Hares and chickens were considered gods in Britain during the Iron Age

A recent study suggests that brown hares and chickens were first treated as gods, not food, when they arrived in Britain during the Iron Age.

Archaeological evidence shows that the first brown hares and chickens to reach Britain were carefully buried and intact. There are no signs of cutting on the bones examined and investigations suggest that both animals were not imported for people to eat.

The work of experts from the Universities of Exeter, Leicester and Oxford is revealing when brown hares, rabbits and chickens were introduced to Britain, and how they became incorporated into modern Easter traditions.

The team previously analyzed the earliest rabbit bone ever found in the country, dating to the 1st/2nd century AD The new radiocarbon dates of bones found at sites in Hampshire (Houghton Down, Weston Down, Winnal Down and Winklebury Camp) and Hertfordshire (Blackhorse Road) suggest that brown hares and chickens were introduced to Britain even earlier, arriving simultaneously during the Iron Age, between the 5th and 3rd centuries BC.

Rabbit skeleton found in Winklebury / photo University of Exeter

The discovery of buried remains dovetails with historical evidence that neither animal was used for food until the Roman period, which began hundreds of years later.

Julius Caesar says in his Commentaries on the Gallic Wars that the British consider it contrary to divine law to eat hares, chickens and geese. However, they breed them for their own amusement and pleasure.. The 3rd century AD author Cassius Dio wrote that Queen Boudica released a live hare to divine the outcome of her battle with the Romans, thus invoking the goddess Andraste to ensure her victory.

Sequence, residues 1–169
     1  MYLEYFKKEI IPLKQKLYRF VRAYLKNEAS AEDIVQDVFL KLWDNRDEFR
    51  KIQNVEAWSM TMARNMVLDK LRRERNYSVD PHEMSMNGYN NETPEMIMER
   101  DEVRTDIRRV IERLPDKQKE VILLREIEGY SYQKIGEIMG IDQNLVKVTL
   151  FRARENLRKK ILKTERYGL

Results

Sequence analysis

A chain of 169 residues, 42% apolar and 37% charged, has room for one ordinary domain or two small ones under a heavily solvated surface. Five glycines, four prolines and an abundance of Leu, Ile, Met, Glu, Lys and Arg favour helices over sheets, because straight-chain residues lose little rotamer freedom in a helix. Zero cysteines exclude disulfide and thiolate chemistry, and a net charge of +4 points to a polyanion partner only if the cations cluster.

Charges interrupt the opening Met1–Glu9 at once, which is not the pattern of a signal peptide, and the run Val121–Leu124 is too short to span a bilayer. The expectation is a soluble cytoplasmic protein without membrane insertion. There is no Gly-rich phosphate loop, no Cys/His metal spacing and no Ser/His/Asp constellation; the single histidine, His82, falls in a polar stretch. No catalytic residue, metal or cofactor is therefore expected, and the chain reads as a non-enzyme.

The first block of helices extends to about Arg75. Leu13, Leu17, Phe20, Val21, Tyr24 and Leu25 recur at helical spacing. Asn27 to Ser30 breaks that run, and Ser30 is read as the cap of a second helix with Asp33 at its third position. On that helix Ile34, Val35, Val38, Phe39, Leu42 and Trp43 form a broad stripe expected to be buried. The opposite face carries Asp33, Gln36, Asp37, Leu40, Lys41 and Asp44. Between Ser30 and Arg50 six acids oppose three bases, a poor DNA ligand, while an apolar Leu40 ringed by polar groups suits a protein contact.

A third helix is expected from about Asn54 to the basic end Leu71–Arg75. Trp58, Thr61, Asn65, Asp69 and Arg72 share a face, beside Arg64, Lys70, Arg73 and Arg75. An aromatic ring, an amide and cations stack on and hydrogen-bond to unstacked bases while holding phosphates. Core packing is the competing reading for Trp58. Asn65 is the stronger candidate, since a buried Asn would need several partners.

During the Roman period, both species were bred and used for food, and rabbits were also introduced. But in 410 AD the Roman Empire withdrew from Britain causing an economic collapse. Rabbits became locally extinct, while populations of chickens and brown hares collapsed. Due to their scarcity at this time, chickens and hares regained their special status.

Professor Naomi Sykes, from the University of Exeter, who led the research, said: Easter is a major British festival, but none of its iconic elements are native to Britain. The idea that chickens and hares initially had religious associations is not surprising, as cross-cultural studies have shown that exotic things and animals are often given supernatural status.

Historical accounts have suggested that chickens and hares were too special to be eaten and instead were associated with deities – chickens with an Iron Age god resembling Roman Mercury, and hares with an unknown female hare goddess. The religious association of hares and chickens endured throughout the Roman period.

However, archaeological evidence shows that as their populations increased, they were increasingly consumed, and even hares were raised as livestock. Instead of being buried as individuals, the remains of hares and chickens were disposed of as food waste.

After the Romans left Britain, people stopped hunting hares and this may explain why archaeologists have found few remains of the animal until the medieval period. In contrast, chicken populations increased. This is likely because in the 6th century Saint Benedict forbade the consumption of meat from four-legged animals during fasting periods such as Lent. His rules were widely adopted in the 10th and 11th centuries, increasing the popularity of chickens and eggs as fast-day foods.

Historical and archaeological evidence shows that rabbits were reintroduced to Britain as food for the elites during the 13th century AD Rabbits were becoming more common on the landscape in the 19th century, which probably contributed to their replacement by the hare as the rabbit. Easter when the traditions of the festival were revitalized during the Victorian period.


University of Exeter

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